Hot on the heels of their second album Protection, MASSIVE ATTACK are about to start their first UK tour which promises to be more than just a good night out. Calvin Bush went to talk to the Bristol-based posse about their idiosyncratic style over a merry bun fight.

lumped into the plush neo-Georgian splendour of Bristol’s Swallow Royal hotel. it’s clear that today is not going to be a good day to interview Massive Attack. Exchanging witty repartee and tossing philosophical salads with chopsticks. perhaps. But finding a direct route to the beating heart that provides the daily working lifeblood of the finest post—rave soul collective extant? Out of the question. Daddy (3. 3-D and Mushroom. the core trio of the band. have just passed the half-hour mark in arguing over our cat ’n’ greet location.

‘What about the Black Boy cafe‘.’ They got excellent lishcakes.’ ventures Daddy G. 34. patriarchal figure of the group. his enormous thick-set oft 4m frame inviting obeisance.

But Mushroom. youngest of the trio. mischievous man-child with an infinite capacity for questions. is having none of it. ‘Nah. we can’t go there. I hate lishcakes. And anyway. all them had boys will be coming in round now.‘ he counters.

‘So let‘s try llenry Afrika’s then.’ suggests 3- 1). football lover and graffiti artist. dirty rain poncho buttoned up tight against his unshaven

chin. This indecision he may be used to it by now. but it still riles him occasionally.

‘No way.’ chime Daddy G and Mushroom in unison. before offering up further competing options. Twenty minutes later we inadvertently stumble into what appears to be a replica of a colonial Ceylon tearoom. all wicker and palms and plummy accents. It’s been some achievement.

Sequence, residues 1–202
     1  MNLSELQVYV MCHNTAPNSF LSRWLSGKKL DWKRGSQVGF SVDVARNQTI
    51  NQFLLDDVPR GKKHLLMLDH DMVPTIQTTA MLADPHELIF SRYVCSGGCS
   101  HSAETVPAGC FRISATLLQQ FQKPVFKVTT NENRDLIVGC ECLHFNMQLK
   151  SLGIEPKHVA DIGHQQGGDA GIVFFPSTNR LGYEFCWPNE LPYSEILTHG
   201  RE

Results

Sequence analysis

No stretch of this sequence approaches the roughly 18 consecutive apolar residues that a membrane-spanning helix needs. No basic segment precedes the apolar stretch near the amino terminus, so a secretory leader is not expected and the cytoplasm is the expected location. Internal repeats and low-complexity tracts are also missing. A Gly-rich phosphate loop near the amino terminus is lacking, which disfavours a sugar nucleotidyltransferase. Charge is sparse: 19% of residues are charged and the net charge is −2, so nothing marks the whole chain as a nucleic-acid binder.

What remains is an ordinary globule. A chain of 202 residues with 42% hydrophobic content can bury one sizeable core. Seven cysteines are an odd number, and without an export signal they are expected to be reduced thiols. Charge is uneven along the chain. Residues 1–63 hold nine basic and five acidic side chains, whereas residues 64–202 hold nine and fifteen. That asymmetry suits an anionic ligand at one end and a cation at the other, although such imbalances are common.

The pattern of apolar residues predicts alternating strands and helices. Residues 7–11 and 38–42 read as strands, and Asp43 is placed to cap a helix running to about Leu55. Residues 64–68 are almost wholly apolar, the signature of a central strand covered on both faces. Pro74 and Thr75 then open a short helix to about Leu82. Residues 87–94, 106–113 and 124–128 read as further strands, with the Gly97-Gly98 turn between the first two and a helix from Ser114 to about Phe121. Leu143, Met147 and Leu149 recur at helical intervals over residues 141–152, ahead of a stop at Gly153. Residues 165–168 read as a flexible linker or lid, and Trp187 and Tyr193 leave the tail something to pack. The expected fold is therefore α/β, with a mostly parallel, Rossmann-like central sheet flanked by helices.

So this. then. is the mad. crazy world of Massive Attack. where nothing happens as planned. because nothing is ever planned. The heart of cool. The home of the post-modern blues. And the hub of Slackersville. UK.

With their astounding 1991 debut album. Blue Lines. and its symphonic single. ‘Unfmished Sympathy’. Massive Attack not only rewrote the rule-book for British soul music in the post-rave afterglow. but also provided the perfect sonic manifesto of Britain’s multi-cultural melting pot. In the same way that this accumulated Bristol posse composed a creatively interactive hybrid of nationalities and backgrounds. so Blue Lines (five years in the making) spun together their collective influences: American hip-hop. Jamaican reggae. universal soul. with DIY dashes of punk and house music. and wove a unique tapestry that has struck a chord with all who’ve ever heard it.

Here was the ultimate street sound of Britain’s inner cities after Thatcher, the hip and stylish equivalent of a Mike Leigh or Ken Loach film: confused. pressurised. proud. defiant. paranoid. restless. and. in the optimistic swell of closing coda ‘Hymn of the Big Wheel’. trusting in a greater faith where really you had no right to expect any. It was classic stuff. a benchmark album that, like Primal Scream’s Screamadelica and Bjork’s Debut. remains both of its time and out of time.

This is the mad, crazy world of Massive Attack, where nothing happens as planned, because nothing is ever

planned. The heart of cool. The home of

the post-modern blues. And the hub of Slackersville, UK.

Perhaps the key to it all is that Massive Attack don’t think. talk or work like any other group. In the Massive timezone. decisions take aeons. Life’s minutiae. like items from a menu, become insoluble dramas handed round from member to member. Hitch a lift on a train of thought. and you’ll soon find yourself hi-jacked by crazy interjections from Mushroom. or a giggling whispering session between G and 3—D. Massive Attack. you see. are completely unfazed. endowed with pure Brit-slacker lassitude that runs contrary to every ordinance in the music industry’s holy canon. Perhaps it’s the safe distance of Bristol. where life proceeds at a more ‘leisurely’ pace, that accounts for it. ‘Yeh. in a way. it is an escape.’ agrees G. "cos there‘s not so much bullshit going on. And the good thing about it is. nobody even recognises us in this town. I mean. you’ve been with us all afternoon. have you seen one person who’s spotted us‘?’

Massive Attack is the perfect hang-out story that came good. It’s an evolution that accounts for much of their working processes and indifference to stardom. Their origins lie in the Wild Bunch. a loose gathering of Bristolian